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I never thought I'd see the day that I would see white folks as frightened, or more so, than black folks was during the civil rights movement when we was in Mississippi.
The folks in Mississippi are saying, 'Thank God for Texas.'
Mississippi Mermaid was a very special experience because we only had the dialogues for the scenes we were shooting the night before.
My parents were working in a hospital in Memphis. But I didn't live there for any length of time that I remember. The first thing I remember is the town in Mississippi that I live in now, Charleston.
It was very clear to me in 1965, in Mississippi, that, as a lawyer, I could get people into schools, desegregate the schools, but if they were kicked off the plantations - and if they didn't have food, didn't have jobs, didn't have health care, didn't have the means to exercise those civil rights, we were not going to have success.
Marian Wright Edelman
Forty percent of the United States drains into the Mississippi. It's agriculture. It's golf courses. It's domestic runoff from our lawns and roads. Ultimately, where does it go? Downstream into the gulf.
Georgia Tech beat us and Mississippi Southern tied us last year, and Texas beat us after we had the game won. We only played about five games the way we were capable of playing and lost one of those.
I would sit on the street corners in my hometown of Indianola, Mississippi, and I would play. And, generally, I would start playing gospel songs.
B. B. King
I don't think the folks in the low-tax states really want to go into a fairness discussion. Residents of Connecticut and New York would love to remind them how much they pay in federal taxes to support programs for Mississippi and South Dakota.
In Russia I felt for the first time like a full human being. No color prejudice like in Mississippi, no color prejudice like in Washington. It was the first time I felt like a human being.
When we have a favorite writer, it's always the places where they grew up, lived, worked, and that they recreated on the page that we most want to visit and commune with. Faulkner's Mississippi, Raymond Chandler's Los Angeles, etc. The mind of the reader longs to be somewhere, not just anywhere, and certainly not nowhere.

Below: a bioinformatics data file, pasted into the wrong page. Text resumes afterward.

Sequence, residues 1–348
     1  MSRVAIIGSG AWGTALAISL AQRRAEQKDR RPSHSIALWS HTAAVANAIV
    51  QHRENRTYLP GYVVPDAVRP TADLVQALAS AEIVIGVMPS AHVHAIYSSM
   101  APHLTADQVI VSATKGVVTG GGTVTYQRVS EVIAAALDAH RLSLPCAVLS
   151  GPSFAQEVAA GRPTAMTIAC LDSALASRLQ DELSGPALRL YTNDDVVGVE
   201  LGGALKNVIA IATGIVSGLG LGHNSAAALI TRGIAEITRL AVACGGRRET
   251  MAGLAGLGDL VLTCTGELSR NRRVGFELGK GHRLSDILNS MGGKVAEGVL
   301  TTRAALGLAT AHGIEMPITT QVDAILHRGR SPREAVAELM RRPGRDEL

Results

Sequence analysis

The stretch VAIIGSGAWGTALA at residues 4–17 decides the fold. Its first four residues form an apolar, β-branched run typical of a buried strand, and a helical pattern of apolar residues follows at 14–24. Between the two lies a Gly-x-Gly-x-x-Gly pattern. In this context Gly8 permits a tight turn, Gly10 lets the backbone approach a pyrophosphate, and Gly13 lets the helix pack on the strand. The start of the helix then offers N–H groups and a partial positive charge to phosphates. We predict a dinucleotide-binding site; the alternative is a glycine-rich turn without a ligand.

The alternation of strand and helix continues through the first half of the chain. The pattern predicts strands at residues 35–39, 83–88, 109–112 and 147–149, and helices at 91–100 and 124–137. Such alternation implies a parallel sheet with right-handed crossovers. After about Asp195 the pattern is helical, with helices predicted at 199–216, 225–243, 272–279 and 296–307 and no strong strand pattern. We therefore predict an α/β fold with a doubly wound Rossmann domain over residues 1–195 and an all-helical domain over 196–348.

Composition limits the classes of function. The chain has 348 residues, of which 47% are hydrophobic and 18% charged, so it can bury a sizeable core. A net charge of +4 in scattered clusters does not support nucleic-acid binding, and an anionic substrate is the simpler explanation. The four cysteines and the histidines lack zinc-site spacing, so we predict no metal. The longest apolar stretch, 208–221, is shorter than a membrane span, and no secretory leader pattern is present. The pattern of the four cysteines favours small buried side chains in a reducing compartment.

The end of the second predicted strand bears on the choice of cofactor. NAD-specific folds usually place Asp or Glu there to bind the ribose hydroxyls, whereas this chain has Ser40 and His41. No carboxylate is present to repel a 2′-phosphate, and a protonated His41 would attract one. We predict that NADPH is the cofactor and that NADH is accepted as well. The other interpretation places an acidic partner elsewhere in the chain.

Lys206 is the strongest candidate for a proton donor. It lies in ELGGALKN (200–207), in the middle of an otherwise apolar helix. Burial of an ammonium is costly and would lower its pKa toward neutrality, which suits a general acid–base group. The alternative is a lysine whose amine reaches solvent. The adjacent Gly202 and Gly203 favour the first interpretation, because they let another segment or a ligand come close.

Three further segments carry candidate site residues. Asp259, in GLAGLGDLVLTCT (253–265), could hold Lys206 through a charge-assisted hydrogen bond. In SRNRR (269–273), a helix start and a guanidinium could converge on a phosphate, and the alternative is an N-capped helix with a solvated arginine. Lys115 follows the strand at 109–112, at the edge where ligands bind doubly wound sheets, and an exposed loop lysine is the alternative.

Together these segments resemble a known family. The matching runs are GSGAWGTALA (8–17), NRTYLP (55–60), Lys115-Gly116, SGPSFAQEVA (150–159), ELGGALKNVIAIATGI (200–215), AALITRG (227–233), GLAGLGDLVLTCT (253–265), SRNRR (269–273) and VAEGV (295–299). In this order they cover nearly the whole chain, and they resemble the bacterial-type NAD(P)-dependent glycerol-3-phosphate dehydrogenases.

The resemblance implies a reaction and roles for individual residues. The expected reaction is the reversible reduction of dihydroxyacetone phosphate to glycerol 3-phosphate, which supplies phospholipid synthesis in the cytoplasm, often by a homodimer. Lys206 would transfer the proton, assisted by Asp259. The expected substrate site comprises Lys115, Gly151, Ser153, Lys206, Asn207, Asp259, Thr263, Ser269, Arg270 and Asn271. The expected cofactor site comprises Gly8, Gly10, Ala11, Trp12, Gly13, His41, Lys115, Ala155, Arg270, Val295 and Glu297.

Of course that was my idol, Son House. I think he did a lot for the Mississippi slide down there.
Finally, the ecological health of the Mississippi River and its economic importance to the many people that make their living or seek their recreation is based on a healthy river system.
In Mississippi, you don't admit that you're gay. It's just an awkward thing down South, which is sad.
The one thing I have wanted to stay away from is the steroids. When I had an attack two years ago in my home state of Mississippi, they put me on steroids, thinking they were doing the right thing, and I had a violent reaction.
Mary Ann Mobley
I wanted to get out of Mississippi in the worst way. Go back? What I want to go back for?
I've been enjoying 'Life on the Mississippi' by Mark Twain that I picked up at the airport randomly. It's very witty and interesting to read about his time as a steamboat pilot.
The attorney general would call at 5 o'clock in the evening and say: 'Tomorrow morning we are going to try to integrate the University of Mississippi. Get us a memo on what we're likely to do, and what we can do if the governor sends the National Guard there.'
Harold H. Greene
Almost 70 percent of U.S. ag exports travel the upper Mississippi River and the Illinois waterway system.
My father came from Germany. My mom came from Venezuela. My father's culturally German, but his father was Japanese. I was raised in New York and spent two years in Rio. My parents met at the University of Southern Mississippi, and they had me there, and then we moved to New York. I'm not very familiar with Mississippi.
In several sections, both natural in the banks of the Mississippi and its numerous arms, and where artificial canals had been cut, I observed erect stumps of trees, with their roots attached, buried in strata at different heights, one over the other.
Oh, definitely and I talk about all the things that I really needed to make me happy at that point in time were outside of Mississippi, and now all the things that I need to make me happy are back there.
When I was growing up I always wanted to be a waitress. My sister opened a restaurant in Mississippi, and I went down there and was a waitress for a few days. Let me tell you, I got it out of my system.
As for my state of Mississippi, our governor, Phil Bryant, said the state could not afford the matching funds required to trigger the federal match for Medicaid expansion. We won't do it even though in 2014, the federal government would pay over $50 for every one dollar Mississippi chips in.
Of course, Mississippi participates in federal matching programs for everything from preserving the post-Civil War home of Jefferson Davis to beaver control.
Martin Luther King, Jr.
John F. Kennedy
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